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CATTLE TODAY

EPDS CAN BE USEFUL IN HITTING PRODUCTION TARGETS

by: Dr. Joe Paschal
Texas Cooperative Extension, Livestock Specialist

Ever walked into a pen of purebred bulls or replacement heifers that look pretty much the same in terms of quality and wonder how in the world you are going to accurately pick the best genetics?

You might have a copy of their weights, adjusted weights, ratios and maybe some other records that tell you exactly what the animals weighed on a certain day, what they would have weighed if they were adjusted to a common age, sex of calf, age of dam or which were the highest in their trait.

Now suppose you go to a second breeder and a third and they all have the same records and pretty much the same high quality cattle. How do you decide what head to buy?

In the early 1970s a group of progressive cattle breeders and their breed associations pushed for the development of a new method of evaluating the performance of their purebred cattle. They wanted this method to take into account differences due to ranches and environments to improve and increase the ease of genetic selection.

The new tool was called Expected Progeny Difference (EPD), and it was an estimate of the performance of the sire's calves compared to the performance of the calves of other sires in the breed.

It does not predict the actual level of performance, just the level and direction - positive or negative. EPDs are now calculated on all animals within a breed, including animals that have few or no progeny. EPDs cannot be compared across breeds without adjustment.

Because they are widely used within breeds, the genetic trend or average EPD for the breed generally increases each year. For that reason, the breed average for most traits is not zero. So, in a breed with an average EPD for weaning weight of +8 lbs., a bull with a weaning weight EPD of +20 lbs, is only 12 lbs. above the breed average, not 20 lbs.

Associated with every EPD is an accuracy (ACC) of the EPD. The ACC determines how reliably the estimated EPD reflects the animal's actual genetic value for the trait.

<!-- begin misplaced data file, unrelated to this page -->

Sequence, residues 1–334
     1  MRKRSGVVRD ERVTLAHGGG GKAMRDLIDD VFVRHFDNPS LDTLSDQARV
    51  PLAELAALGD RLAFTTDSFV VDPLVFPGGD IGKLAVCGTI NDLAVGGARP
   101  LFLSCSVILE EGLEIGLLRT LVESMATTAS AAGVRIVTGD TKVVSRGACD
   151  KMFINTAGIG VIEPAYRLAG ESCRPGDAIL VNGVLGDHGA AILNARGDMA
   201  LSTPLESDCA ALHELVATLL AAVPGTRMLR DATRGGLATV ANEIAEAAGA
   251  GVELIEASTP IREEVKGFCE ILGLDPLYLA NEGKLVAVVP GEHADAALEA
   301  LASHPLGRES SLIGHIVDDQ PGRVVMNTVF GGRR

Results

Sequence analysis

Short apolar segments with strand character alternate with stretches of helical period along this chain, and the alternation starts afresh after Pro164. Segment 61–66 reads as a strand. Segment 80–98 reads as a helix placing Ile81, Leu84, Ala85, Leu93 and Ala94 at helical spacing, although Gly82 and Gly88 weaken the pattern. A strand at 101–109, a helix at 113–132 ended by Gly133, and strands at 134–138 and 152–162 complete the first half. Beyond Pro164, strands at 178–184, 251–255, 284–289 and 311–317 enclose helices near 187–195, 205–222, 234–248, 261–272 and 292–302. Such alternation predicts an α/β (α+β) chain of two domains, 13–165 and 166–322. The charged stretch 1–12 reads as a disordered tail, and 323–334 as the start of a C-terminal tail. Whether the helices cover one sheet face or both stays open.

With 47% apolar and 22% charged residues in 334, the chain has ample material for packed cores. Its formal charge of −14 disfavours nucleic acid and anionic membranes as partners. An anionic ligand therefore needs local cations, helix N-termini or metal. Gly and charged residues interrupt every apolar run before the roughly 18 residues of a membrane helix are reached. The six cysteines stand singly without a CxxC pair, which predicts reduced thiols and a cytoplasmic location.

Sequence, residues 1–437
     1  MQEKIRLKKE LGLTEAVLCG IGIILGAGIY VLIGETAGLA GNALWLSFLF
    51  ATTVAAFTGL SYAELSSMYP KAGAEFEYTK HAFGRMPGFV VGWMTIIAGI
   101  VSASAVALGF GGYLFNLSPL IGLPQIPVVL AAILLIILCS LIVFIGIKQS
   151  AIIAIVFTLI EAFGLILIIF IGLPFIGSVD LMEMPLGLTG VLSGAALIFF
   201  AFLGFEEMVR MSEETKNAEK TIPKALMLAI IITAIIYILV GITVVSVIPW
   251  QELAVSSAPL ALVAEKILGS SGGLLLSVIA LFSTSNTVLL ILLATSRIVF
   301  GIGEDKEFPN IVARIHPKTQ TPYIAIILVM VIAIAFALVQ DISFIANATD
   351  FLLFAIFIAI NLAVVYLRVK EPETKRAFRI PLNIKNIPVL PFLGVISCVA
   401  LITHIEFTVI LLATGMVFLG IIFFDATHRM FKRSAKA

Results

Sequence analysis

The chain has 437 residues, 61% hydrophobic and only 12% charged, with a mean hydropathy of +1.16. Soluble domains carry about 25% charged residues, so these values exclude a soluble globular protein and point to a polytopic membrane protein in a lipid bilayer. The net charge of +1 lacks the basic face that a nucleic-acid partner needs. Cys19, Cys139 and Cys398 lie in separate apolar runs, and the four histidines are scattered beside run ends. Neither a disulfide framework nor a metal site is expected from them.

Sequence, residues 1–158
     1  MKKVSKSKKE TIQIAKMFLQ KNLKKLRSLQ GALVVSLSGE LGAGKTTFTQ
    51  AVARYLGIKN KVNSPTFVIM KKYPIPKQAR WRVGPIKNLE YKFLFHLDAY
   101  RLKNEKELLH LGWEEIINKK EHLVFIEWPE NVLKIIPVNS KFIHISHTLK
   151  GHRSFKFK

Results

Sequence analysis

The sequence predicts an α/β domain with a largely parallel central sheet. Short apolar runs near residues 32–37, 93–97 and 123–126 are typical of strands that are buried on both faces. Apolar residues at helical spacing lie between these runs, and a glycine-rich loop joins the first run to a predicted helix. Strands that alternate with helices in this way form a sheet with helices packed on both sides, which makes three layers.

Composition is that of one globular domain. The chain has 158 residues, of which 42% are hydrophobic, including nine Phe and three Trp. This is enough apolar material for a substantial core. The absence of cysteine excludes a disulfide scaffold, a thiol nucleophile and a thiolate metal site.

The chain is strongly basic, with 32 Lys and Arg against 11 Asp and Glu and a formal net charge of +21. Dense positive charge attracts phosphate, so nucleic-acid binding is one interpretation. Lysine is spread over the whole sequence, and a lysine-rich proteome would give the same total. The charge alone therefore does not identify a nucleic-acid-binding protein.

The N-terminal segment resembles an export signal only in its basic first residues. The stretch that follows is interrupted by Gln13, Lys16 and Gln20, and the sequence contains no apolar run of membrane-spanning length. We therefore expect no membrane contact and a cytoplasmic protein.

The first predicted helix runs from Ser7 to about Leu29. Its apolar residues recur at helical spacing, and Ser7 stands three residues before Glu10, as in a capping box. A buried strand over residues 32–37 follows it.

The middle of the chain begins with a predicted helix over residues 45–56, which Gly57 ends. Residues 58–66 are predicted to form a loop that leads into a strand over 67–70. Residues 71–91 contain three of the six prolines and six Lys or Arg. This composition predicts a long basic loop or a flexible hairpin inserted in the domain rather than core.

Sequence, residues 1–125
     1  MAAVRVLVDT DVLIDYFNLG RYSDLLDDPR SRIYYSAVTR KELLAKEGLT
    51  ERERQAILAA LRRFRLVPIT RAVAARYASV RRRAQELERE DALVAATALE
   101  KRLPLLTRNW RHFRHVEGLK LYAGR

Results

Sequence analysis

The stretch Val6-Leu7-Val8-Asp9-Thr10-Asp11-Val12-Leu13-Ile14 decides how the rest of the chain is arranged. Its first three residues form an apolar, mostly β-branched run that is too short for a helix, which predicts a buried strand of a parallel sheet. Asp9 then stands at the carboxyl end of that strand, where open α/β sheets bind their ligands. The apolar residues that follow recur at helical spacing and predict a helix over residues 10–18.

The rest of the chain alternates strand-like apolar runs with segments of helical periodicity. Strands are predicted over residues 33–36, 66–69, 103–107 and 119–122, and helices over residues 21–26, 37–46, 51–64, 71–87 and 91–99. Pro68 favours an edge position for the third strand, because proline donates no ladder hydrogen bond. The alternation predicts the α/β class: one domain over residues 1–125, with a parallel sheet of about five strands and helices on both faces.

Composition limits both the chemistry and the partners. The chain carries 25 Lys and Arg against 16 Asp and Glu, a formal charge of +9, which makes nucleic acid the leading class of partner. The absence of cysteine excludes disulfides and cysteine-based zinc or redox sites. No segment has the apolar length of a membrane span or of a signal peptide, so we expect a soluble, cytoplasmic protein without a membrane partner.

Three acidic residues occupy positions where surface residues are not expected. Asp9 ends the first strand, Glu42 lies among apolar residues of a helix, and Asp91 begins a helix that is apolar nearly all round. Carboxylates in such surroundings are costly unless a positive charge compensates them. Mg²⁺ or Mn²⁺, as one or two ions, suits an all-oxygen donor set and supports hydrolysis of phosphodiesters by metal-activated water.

The higher the ACC (closer to 1.0) the better the estimate. ACC is affected primarily by the number and type of records. Progeny records are best for improving the ACC of the EPD. Cattle that have more records (of all types of relatives and associated traits) used in calculating their EPD will have higher ACC as well.

Most of the purebred breeds of beef cattle in the United States calculate EPDs on the animals registered with their associations. Most of these are calculated from weights and measurements reported by breeders when they register their cattle. Most associations have EPD numbers for birth weight, weaning weight and yearling weight.

These are estimates of the animal's genetics for growth at these points in their life. These are easy to measure. Most EPDs also calculate a milk or a maternal weaning weight. The milk estimate is the additional pounds of weaning weight produced by the daughters of the selected animals due to increased milk production.

This is reflected in the additional weaning weight of the daughter's calves. The maternal weaning weight, often listed as maternal or total maternal, is simply 1/2 of the weaning weight EPD added to the milk EPD. This reflects the fact that a cow influences the weaning weight of her calves through both milk production and genes passed to her calf for growth.

Today, many breed associations have increased the number of traits from which they calculate EPDs.

Scrotal circumference in bulls, first calf calving ease in heifers, frame size or hip height (as a measure of mature size), stayability (probability of a cow remaining in the herd until six years of age), carcass merit (carcass weight, muscling, marbling score, cutability, etc), and even tenderness are now calculated traits.

To select for improvement, it should be emphasized that you need to decide which traits are important to you in your marketing effort. How many calves you sell, what they weigh when you sell them, what they bring at the market, and how much they cost to produce will determine how much profit you make, so your major selection emphasis should be primarily on the traits that affect your bottom line.

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